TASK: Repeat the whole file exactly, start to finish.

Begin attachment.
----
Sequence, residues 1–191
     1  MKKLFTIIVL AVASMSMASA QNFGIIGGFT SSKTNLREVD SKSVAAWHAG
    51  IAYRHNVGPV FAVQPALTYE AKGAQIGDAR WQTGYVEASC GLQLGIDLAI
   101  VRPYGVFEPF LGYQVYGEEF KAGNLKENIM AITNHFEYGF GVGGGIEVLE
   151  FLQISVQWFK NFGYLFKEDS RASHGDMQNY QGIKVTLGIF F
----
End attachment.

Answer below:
Sequence, residues 1–191
     1  MKKLFTIIVL AVASMSMASA QNFGIIGGFT SSKTNLREVD SKSVAAWHAG
    51  IAYRHNVGPV FAVQPALTYE AKGAQIGDAR WQTGYVEASC GLQLGIDLAI
   101  VRPYGVFEPF LGYQVYGEEF KAGNLKENIM AITNHFEYGF GVGGGIEVLE
   151  FLQISVQWFK NFGYLFKEDS RASHGDMQNY QGIKVTLGIF F